There is a pertinent quote in chapter 7 of Terry Doyle’s book, Learning-Centered Teaching.
Pedagogies that take the social nature of learning tend to be more successful. Students give witness that when they have opportunities to discuss, critique, and relate the material to their own lives, it becomes more meaningful and memorable.
Discussions are used in most, if not all, online courses at Granite State College.
This chapter provides rationales for using discussion, including:
- It’s important to be able to express one’s ideas in the workplace.
- Students need to hear the different views of their peers.
- Research shows that learning is enhanced by discussion.
- Most work is done in teams and groups and working in discussion groups may be good practice for this.
- Discussion develops critical thinking skills.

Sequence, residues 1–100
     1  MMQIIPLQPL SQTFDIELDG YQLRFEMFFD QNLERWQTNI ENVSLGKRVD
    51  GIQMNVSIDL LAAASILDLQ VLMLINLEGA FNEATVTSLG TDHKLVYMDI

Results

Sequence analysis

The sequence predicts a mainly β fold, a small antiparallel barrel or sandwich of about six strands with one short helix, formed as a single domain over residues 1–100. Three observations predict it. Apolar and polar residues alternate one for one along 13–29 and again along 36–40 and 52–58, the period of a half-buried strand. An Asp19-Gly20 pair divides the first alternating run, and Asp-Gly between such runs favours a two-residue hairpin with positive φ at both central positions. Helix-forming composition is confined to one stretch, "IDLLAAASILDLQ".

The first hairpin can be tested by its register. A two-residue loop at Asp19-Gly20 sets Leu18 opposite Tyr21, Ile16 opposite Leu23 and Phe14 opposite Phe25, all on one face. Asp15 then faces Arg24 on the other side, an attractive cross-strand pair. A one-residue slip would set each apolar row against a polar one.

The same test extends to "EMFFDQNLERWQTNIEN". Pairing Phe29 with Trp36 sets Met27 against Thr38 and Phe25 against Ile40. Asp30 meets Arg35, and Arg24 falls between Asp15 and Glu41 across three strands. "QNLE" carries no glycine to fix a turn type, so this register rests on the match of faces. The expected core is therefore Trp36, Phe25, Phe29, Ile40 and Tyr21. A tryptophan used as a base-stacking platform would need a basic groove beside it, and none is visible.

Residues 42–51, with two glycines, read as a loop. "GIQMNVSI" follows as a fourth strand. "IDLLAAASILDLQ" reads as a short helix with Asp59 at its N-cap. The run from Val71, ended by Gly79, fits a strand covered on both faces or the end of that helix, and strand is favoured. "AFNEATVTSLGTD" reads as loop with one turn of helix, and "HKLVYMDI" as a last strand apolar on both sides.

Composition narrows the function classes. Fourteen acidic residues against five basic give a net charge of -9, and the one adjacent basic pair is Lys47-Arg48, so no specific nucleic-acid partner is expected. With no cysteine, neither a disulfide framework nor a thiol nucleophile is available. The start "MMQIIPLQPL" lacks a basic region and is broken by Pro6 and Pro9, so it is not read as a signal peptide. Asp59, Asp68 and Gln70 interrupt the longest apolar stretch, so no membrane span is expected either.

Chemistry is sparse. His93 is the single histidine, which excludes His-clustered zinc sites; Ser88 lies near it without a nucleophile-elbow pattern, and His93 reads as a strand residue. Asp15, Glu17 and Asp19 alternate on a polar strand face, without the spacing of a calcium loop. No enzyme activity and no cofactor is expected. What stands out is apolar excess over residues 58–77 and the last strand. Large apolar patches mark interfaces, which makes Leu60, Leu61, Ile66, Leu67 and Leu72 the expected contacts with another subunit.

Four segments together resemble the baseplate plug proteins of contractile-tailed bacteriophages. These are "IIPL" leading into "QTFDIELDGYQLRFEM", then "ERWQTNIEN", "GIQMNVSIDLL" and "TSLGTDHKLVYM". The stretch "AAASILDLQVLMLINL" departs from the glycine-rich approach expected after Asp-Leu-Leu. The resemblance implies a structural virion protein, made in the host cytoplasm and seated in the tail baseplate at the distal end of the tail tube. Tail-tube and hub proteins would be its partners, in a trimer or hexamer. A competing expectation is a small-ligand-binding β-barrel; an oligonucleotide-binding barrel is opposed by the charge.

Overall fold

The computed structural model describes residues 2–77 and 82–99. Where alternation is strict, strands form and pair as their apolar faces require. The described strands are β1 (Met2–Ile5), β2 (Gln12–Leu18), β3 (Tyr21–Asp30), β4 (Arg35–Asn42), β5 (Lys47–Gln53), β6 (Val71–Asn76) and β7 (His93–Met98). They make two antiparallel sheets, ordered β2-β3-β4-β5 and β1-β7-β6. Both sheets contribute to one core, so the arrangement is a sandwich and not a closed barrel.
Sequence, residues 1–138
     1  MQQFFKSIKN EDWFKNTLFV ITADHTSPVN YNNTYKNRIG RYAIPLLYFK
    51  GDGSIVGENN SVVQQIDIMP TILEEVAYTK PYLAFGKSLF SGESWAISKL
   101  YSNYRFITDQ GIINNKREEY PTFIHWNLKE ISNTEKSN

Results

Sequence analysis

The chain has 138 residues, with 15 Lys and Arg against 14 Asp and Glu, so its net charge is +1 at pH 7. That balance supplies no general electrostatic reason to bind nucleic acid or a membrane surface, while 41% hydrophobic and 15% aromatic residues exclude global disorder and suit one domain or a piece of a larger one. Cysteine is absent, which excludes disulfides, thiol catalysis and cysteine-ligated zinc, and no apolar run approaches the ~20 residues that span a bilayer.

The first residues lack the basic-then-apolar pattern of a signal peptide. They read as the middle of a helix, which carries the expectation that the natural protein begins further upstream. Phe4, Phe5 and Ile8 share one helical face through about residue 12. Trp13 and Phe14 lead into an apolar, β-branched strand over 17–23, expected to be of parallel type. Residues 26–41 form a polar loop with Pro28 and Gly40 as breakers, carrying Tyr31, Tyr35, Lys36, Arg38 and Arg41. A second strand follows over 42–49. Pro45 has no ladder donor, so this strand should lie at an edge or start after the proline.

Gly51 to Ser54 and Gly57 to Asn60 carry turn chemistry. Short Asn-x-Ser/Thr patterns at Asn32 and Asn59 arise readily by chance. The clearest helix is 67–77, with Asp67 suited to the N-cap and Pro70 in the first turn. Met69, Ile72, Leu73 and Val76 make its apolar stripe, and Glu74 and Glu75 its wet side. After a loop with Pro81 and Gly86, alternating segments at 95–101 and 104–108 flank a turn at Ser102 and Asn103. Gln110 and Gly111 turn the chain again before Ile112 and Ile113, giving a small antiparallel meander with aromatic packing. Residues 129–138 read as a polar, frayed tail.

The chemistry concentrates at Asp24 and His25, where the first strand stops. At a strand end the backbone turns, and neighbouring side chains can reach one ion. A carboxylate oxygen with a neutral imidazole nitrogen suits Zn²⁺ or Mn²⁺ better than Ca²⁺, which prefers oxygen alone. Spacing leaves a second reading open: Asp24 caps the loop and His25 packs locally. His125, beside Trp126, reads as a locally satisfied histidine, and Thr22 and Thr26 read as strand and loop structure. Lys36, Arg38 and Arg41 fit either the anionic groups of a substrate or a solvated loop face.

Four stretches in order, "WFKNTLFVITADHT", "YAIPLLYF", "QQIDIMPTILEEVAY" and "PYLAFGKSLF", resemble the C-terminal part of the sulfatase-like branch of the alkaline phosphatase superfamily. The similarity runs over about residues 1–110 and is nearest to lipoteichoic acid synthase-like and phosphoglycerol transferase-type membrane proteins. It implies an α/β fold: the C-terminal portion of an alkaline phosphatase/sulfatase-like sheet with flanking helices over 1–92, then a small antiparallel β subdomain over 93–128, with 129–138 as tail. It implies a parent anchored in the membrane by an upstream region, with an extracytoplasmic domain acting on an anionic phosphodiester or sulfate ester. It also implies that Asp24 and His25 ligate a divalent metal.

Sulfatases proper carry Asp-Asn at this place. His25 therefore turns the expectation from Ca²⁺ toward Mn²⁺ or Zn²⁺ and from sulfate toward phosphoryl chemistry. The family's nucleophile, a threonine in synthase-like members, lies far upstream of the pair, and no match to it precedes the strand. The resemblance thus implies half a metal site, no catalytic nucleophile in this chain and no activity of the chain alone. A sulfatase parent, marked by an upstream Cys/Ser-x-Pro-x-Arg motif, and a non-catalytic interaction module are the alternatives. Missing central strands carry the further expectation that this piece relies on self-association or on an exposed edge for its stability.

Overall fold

- Challenging or agreeing with others is an important tool in effective communication.
- Discussion allows students to clarify their thoughts.
This chapter talks mainly about face-to-face discussions, but many of the important points to consider are also important for online discussions.
- One thing to think about is whether the discussion will take place in groups or among all members of the class. If in groups, make sure the students know how to work in groups. If not, teach them what they need to do.
- Another thing is the discussion question(s). Some instructors find this to be difficult. The questions must be open-ended. These can include questions which ask for evidence, clarification, cause and effect, hypotheses, and more.
- The third thing to consider is the discussion method. Will you have a guided discussion, a debate, role playing, or something else?
- What happens after the discussion ends? Do students write a summary, a reflection, a mind map, or do they do nothing? Are students assessed on what happens in the discussions? They should be, especially if discussions are a large part of the class.
Beth Rubin provides good guidelines for managing an online discussion in this video.